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Book Review: The Legend of Oz: The Wicked West

Updated on October 25, 2011

I loved this twist on a classic.

Imagine, if you will, that L. Frank Baum's immortal children's classic The Wonderful Wizard of Oz and its blockbuster 1939 film adaptation starring Judy Garland have both been turned on their heads: Dorothy wears a wide-brimmed Stetson, sitting astride her faithful horse Toto. The ruby slippers are represented in a red sparkle from her spurs and the stocks of her six-shooters. Welcome to Oz: The Wicked West from Big Dog Ink.

I've already reviewed the first two issues of Big Dog Ink's Critter superhero series, and enjoyed them immensely. This latest offering is a horse of a very different color, but a welcome one. The original Wizard of Oz movie was a staple of my childhood as I think it probably was for most people, so I was excited to see what writer Tom Hutchison, artist Alisson Borges and colorist Kate Finnegan had in mind for it. I was delighted to find that this is yet another great romp of a comic, and a lot of fun for fun's sake.

I could go on about the differences from the original: the flying monkeys as outlaw gorillas, the "tin man" (that's a man with a tin star for a badge, in this case), the fact that the yellow brick road has been plundered by gold thieves...but what's really important here is that it's all so much fun! You recognize things just enough to make you chuckle, and the mixture of Western tropes into the story is done perfectly. There's a bit of violence (ever want to see Dorothy gun down the Wicked Witch's henchmen?), and hints of sex (Dorothy has a pretty nice hourglass figure here, all snugged up in riding breeches and a corset; she also runs across some saloon girls who seem to fancy her) that make this closer to a PG-13 than a G rating, but that's not a bad thing.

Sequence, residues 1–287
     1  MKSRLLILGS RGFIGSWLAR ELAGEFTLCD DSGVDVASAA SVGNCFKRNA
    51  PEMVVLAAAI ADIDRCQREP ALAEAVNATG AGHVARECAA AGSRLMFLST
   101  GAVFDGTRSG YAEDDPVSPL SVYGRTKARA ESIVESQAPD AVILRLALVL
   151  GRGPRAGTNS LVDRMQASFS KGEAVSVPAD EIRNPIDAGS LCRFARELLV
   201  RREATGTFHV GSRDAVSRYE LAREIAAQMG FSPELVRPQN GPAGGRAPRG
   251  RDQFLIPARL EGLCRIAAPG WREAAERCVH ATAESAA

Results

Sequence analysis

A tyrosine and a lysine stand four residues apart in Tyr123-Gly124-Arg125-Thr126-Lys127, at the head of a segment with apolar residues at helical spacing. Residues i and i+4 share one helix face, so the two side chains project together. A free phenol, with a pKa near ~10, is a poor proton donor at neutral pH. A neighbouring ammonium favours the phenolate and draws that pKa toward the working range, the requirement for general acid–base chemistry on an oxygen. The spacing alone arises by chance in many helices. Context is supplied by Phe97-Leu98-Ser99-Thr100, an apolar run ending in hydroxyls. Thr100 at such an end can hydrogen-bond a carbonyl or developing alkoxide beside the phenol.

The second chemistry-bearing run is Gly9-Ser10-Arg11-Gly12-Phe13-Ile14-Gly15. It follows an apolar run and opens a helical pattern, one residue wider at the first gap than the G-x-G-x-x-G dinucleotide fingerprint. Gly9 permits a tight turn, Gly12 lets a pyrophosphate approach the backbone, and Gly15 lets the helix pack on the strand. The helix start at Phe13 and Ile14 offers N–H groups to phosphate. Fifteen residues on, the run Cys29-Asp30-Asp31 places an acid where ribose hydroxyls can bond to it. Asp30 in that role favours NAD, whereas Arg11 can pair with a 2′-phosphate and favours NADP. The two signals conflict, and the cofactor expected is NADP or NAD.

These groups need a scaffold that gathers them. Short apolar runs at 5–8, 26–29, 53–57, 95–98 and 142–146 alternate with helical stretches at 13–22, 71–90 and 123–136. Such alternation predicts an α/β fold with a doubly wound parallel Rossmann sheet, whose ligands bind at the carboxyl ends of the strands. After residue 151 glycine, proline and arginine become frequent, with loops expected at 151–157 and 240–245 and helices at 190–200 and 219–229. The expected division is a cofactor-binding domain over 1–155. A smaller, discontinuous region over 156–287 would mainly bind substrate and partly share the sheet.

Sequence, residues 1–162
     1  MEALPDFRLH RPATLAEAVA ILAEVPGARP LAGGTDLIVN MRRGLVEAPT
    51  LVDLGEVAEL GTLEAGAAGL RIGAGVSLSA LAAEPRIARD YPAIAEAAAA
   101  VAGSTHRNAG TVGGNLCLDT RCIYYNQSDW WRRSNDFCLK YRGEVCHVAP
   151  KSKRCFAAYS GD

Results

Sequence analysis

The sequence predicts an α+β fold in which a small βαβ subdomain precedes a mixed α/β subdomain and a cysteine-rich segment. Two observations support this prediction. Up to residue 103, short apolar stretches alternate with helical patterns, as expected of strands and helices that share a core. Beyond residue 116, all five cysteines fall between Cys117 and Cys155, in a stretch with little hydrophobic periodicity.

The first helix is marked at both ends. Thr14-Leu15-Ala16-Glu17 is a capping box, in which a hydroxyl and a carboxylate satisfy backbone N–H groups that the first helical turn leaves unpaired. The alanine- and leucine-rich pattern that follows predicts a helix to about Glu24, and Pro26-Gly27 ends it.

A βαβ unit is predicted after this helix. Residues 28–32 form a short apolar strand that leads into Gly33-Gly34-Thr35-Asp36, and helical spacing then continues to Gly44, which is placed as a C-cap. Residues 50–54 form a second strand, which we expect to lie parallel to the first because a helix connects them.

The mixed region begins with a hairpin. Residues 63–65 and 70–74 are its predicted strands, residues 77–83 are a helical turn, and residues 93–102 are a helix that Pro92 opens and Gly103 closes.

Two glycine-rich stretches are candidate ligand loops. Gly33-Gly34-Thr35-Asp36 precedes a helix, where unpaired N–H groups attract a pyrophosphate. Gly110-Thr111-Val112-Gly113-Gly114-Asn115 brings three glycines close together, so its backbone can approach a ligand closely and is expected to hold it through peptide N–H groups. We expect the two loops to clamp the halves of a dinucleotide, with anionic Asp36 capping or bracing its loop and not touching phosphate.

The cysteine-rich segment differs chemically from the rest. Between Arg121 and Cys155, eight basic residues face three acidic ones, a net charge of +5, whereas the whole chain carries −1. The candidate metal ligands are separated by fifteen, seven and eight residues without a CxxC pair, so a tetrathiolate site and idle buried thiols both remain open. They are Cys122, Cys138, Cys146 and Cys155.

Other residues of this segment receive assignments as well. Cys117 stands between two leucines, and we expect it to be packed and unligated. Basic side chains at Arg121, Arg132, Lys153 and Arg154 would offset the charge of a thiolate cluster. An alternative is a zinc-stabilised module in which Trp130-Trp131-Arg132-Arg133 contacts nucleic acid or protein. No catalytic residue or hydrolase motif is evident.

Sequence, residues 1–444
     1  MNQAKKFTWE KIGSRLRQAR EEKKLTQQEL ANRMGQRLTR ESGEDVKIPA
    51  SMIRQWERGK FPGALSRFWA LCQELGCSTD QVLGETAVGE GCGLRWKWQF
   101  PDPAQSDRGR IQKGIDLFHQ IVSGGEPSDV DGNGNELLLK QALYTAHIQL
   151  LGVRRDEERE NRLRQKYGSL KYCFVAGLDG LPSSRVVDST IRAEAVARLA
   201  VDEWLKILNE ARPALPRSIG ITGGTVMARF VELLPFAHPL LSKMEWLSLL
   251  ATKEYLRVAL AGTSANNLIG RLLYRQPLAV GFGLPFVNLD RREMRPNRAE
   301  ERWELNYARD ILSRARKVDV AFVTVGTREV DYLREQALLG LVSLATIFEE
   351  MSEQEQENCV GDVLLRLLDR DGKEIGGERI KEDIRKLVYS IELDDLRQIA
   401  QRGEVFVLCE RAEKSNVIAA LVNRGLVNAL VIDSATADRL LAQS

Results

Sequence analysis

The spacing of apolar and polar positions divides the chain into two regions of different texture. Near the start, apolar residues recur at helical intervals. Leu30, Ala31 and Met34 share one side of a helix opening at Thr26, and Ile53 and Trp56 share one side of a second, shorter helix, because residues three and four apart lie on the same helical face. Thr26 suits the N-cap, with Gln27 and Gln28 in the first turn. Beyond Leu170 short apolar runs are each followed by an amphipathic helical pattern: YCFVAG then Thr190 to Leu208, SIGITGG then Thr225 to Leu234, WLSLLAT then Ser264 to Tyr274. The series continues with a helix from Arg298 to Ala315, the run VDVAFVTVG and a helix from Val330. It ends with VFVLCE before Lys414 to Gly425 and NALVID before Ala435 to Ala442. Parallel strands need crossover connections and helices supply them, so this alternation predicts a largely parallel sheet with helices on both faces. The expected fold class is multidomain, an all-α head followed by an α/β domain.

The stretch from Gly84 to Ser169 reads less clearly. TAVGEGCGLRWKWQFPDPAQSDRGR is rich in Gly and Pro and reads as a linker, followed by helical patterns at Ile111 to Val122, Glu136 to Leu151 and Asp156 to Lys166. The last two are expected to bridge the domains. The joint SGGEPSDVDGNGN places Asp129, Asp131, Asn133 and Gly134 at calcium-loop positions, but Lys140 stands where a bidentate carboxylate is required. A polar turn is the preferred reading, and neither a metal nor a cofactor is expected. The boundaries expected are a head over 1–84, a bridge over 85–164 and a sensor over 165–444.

If I had one complaint, it would have to be this: For all the artist's skill at rendering everything else, the guns just don't look right. This may be a fantasy world rather than the wild frontier that we know fro a hundred cowboy pictures, but when you're doing a western you have got to get the guns right. We're treated to several closeup shots of Dorothy's six-shooters, and they're not authentic in appearance or proportion. It's a small thing, I admit, but it stuck out in such an otherwise great book.

Overall, this is definitely a series worth picking up. Enjoy!


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    • Larry Rankin profile image

      Larry Rankin 2 years ago from Oklahoma

      Interesting parody of this classic tale.

    • bledsoep profile image

      bledsoep 6 years ago from Olathe, KS

      Yeesh! My apologies to Alisson Borges for the gender confusion. Boy, is my face red!

    • Robwrite profile image

      Rob 6 years ago from Bay Ridge Brooklyn NY

      I like a good pastiche. This one sounds like a real twisty twist on the OZ stories. It sounds like it might be worth looking into. Thanks for the info.


    • profile image

      Kim Hutchison 6 years ago

      Thanks for taking a look and for the nice review. Also, you have the distinction of being the first person not to refer to Alisson as she. He greatly appreciated that ;) Very glad you enjoyed the book.

      Kim Hutchison

    • rabecker profile image

      rabecker 6 years ago

      This adaptation sounds interesting. I liked the movie Tin man, that was on Sy-Fy a couple of years ago. I like how some authors are going back and reworking the classics with a modern touch. For example pride and prejudice and zombies.